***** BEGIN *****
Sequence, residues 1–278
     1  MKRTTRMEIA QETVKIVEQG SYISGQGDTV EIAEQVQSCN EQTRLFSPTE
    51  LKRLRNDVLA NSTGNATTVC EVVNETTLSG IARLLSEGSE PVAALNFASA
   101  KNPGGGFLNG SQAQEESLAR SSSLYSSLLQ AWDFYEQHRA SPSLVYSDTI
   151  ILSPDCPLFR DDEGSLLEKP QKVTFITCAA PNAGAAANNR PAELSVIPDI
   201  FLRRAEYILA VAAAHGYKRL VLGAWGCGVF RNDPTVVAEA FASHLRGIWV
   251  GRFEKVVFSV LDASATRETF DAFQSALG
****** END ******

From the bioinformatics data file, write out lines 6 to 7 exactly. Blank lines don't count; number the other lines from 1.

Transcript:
   201  FLRRAEYILA VAAAHGYKRL VLGAWGCGVF RNDPTVVAEA FASHLRGIWV
   251  GRFEKVVFSV LDASATRETF DAFQSALG